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I have the following dictionary:

student_loan_portfolio = {
    'loan1': {'rate': .078, 'balance': 1000, 'payment': 100, 'prepayment': 0},
    'loan2': {'rate': .0645, 'balance': 10, 'payment': 5, 'prepayment': 0},
    'loan3': {'rate': .0871, 'balance': 250, 'payment': 60, 'prepayment': 0},
    'loan4': {'rate': .0842, 'balance': 200, 'payment': 37, 'prepayment': 0},
    'loan5': {'rate': .054, 'balance': 409, 'payment': 49, 'prepayment': 0},
    'loan6': {'rate': .055, 'balance': 350, 'payment': 50, 'prepayment': 0}

I would like to iterate through the containing dictionary (with keys loan1 through loan6) in order of the key containing the dictionary with the highest 'rate' value in its respective nested dictionary. That is, I would like to iterate in order of loan3, loan4, loan1, loan2, loan6, loan5

Thanks to @Jame Sharp the easiest way to do this that I know is:

for k,v in sorted(student_loan_portfolio.items(), key=lambda (k,v): v['rate'], reverse=True):

I am now reading about lambda and cannot really understand exactly how and why this works. First, v['rate'] I believe is returning the value of those dictionary keys. But its seems like it should be some kind of syntax error. what is v['rate'] referencing and what is the logic behind the syntax?

On a related note, why, do we have to specify the inputs to the lambda function as a tuple?

And how are the following cases different?


>>>f = lambda x,y,z:x + y + z


>>>f = lambda (x,y,z): x + y + z

Traceback (most recent call last):
  File "<pyshell#48>", line 1, in <module>
TypeError: <lambda>() takes exactly 1 argument (3 given)

Thank you for the clarification.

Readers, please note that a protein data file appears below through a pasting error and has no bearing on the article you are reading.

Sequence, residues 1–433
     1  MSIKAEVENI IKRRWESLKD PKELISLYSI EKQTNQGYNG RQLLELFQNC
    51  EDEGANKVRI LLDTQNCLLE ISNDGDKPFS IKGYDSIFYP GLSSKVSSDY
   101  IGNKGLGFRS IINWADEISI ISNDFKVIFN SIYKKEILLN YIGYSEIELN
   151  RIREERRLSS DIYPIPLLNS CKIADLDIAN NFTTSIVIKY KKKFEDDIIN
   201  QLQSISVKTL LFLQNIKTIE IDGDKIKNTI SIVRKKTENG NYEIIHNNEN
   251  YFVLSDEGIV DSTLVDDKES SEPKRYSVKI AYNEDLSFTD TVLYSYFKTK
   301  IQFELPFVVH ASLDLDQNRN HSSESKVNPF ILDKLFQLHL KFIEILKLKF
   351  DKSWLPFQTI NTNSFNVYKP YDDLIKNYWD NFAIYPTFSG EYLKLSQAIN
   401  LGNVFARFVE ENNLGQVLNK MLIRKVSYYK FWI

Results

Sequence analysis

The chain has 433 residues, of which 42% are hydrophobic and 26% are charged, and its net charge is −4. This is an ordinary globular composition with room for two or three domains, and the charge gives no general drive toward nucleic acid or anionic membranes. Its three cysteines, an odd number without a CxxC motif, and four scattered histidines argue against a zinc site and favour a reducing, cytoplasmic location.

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the second one expects a packed input with 3 values? f((1,2,3)) – Hedde van der Heide Dec 8 '12 at 21:13
up vote 3 down vote accepted

The items() method on student_loan_portfolio.items() returns a list of key/value tuples. So it returns something like [ ('loan1', dictOfLoan1), ('loan2', dictOfLoan2), ...]. The lambda accepts this tuple as an argument, and reads the "rate" item from the value dict (i.e., it reads dictOfLoan1['rate'], dictOfLoan2['rate'], etc.).

You could achieve the same effect by using, instead of the lambda you have, lambda item: item[1]['rate']. item is a tuple (key, value), so item[1] is the value.

The difference between your two lambda examples is that the first one accepts three arguments, while the second accepts a single argument which is a three-element tuple. The ability to define a function which accepts tuples as arguments but unpacks their contents into separate local variables was a quirk of Python that was removed in Python 3 (see PEP 3113).

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Ok thanks @BrenBarn. I did some more experimentation and so the reason v['rate'] is not a syntax error is because v is a dictionary, right? – cdelsola Dec 8 '12 at 21:33
@user1816858: Yes, basically. You have a dictionary whose values are also dictionaries. (If it weren't a dictionary, it still wouldn't be a syntax error, but you would get an error if it didn't support item access using [].) – BrenBarn Dec 8 '12 at 21:37

lambda (k,v): v['rate'] is a function that takes a single argument (a 2-tuple), and returns the 'rate' key of the second entry in the tuple. It is equivalent to lambda t: t[1]['rate']

lambda x,y,z:x + y + z is a function which takes 3 values and returns their sum.

lambda (x,y,z): x + y + z is a function that takes 1 value (a 3-tuple), and returns the sum of its elements.

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